"Mr. Smith: The facts involved in the two counts were as follows: As to Mrs. J____, she was riding in the hills around Los Angeles____

"The Court: You are stating this according to the ultimate transcript, the Evans transcript?

"Mr. Smith: Yes, sir. ____with a chap named Jarnigan Lee. They were parked overlooking the city. They were approached by an automobile and a red light flashed on. Then they immediately thought this was a police car. However, a person that was identified as Mr. Chessman got out of the car and approached with a handkerchief over his face and he had a gun. Mr. Lee was familiar with firearms. He said that the gun was fully cocked and he heard it click past the safety positions and at the same time Chessman said, "Don't move or I will kill the both of you." As to Lee's wallet, he was asked for it and was given it. He also demanded the rings and purse of the woman, Mrs. J____. He then requested Mrs. J____ to get out of the car and proceed to his own on up the hill. And at this time, Mr. Lee protested that she had just gotten out of the hospital from an attack of infantile paralysis and please have mercy on Mrs. J_____. Mr. Chessman replied that, `Knock it off, they will take you away in a coffin.' And then later on he said, `If you give me any trouble you will be hauled away in a casket,' and continued to threaten him in like fashion.

"He thereupon threatened Mr. Lee, if he got out of the car he would be carried away in a casket. Mrs. J_____ got out of the car, went to the car of Mr. Chessman. She of course was partially paralyzed, she couldn't walk too easily so Mr. Chessman helped her out. In the car Mr. Chessman demanded that she submit herself to sexual relationships. She complained she was then menstruating. Mr. Chessman said, `All right, then blow it,' ordering and forcing her at the point of a gun to commit an act of oral copulation. Later on, she was released from the car and given the keys and of course returned to the car, weeping and in an hysterical state of mind.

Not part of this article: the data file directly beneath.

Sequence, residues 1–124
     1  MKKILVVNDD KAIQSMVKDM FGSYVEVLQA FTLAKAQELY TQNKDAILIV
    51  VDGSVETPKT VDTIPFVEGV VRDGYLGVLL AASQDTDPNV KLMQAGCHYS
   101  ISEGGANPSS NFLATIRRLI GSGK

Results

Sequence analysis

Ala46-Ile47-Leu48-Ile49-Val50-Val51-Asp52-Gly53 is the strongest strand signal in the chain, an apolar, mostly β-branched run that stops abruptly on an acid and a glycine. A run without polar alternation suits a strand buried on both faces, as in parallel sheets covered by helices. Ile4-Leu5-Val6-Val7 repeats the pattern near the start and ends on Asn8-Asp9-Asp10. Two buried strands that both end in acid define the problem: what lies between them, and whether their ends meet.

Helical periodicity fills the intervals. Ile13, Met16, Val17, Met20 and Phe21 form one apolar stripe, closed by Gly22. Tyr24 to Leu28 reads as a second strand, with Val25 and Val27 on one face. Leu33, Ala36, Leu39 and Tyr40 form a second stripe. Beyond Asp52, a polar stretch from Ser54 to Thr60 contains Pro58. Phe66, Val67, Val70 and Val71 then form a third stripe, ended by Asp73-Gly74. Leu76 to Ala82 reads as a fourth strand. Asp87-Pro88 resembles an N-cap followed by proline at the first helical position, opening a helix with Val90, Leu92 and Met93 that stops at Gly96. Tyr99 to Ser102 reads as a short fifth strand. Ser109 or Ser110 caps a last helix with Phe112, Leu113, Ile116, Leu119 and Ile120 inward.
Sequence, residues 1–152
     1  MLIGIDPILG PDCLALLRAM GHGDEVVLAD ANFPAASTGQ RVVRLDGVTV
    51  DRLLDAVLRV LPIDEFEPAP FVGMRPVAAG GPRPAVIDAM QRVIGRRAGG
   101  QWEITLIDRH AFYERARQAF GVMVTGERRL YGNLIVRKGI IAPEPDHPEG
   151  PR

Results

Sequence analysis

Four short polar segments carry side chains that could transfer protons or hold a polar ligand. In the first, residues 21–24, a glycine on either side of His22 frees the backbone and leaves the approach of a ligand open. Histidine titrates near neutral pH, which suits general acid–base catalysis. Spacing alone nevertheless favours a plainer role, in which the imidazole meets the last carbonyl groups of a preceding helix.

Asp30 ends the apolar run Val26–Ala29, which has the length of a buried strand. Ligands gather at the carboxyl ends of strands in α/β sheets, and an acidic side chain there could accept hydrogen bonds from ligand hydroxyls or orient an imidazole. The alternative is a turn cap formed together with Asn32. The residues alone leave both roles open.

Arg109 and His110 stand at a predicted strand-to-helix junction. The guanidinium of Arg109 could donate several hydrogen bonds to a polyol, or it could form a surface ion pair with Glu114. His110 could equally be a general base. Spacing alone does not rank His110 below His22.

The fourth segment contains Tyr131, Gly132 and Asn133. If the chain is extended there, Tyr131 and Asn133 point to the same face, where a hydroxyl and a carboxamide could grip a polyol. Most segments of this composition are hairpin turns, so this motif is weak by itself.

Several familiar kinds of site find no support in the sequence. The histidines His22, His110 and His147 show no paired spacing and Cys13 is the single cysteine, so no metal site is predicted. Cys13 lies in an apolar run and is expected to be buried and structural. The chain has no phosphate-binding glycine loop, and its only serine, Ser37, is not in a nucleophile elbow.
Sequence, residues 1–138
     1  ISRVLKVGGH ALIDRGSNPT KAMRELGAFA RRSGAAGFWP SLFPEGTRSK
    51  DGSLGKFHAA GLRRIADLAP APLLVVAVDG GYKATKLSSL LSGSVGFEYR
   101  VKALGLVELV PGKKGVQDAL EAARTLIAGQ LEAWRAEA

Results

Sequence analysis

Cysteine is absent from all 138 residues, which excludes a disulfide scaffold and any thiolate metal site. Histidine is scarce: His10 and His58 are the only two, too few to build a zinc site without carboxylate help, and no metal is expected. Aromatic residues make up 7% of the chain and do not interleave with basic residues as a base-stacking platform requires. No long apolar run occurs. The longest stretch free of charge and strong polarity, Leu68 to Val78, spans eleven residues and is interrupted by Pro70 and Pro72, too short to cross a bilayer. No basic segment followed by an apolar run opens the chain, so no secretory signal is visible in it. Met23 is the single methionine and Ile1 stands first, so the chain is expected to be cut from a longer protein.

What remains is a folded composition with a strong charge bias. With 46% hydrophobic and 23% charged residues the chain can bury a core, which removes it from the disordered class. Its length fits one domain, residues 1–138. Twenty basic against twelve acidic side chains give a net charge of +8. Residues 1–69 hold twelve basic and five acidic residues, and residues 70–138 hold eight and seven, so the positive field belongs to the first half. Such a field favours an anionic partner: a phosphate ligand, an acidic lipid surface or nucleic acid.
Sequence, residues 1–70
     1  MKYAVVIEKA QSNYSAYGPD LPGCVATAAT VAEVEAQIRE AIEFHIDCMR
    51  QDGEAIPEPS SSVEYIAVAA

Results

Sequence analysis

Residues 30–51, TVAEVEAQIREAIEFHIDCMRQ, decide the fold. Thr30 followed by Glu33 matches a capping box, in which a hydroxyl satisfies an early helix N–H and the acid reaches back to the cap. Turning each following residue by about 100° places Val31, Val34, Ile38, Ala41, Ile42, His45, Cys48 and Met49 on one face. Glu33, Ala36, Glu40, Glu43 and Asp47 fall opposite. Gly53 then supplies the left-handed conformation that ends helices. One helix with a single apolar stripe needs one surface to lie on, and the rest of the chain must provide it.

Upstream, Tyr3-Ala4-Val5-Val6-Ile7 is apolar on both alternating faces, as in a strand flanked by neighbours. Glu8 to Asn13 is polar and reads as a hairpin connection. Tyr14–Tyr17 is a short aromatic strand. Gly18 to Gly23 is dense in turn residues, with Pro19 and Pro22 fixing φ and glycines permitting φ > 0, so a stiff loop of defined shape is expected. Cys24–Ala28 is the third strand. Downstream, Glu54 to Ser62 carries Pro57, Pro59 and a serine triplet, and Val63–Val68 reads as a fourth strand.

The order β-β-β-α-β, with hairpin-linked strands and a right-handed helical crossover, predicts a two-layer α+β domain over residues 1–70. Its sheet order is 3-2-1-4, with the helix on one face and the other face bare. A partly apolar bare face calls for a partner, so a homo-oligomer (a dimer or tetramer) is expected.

"All during this proceedings there were continued threats that he would kill Mrs. J_____ or Mr. Lee if he interfered.

"The Court: Did she go through with what he ordered her to do?

"Mr. Smith: Yes, your Honor, at the point of a gun. Let me read you part of the testimony. `He exposed his private parts to her, his penis, held the gun at the base of her brain and under complaint and under compulsion at the point of a gun and by threats as to her and Lee, he made her use her mouth upon his private parts.'

"The Court: What are you reading from?

"Mr. Smith: From the Peoples Brief in the California Supreme Court, which is a summary of the testimony contained in the transcript presented here.

"The Court: Very well.

"Mr. Smith: During these acts Mr. Lee could hear her pleading with Chessman. He could hear appellant repeatedly threaten to kill her. Lee testified that he had never been so helpless in his life as he was at that time, fearing for her life.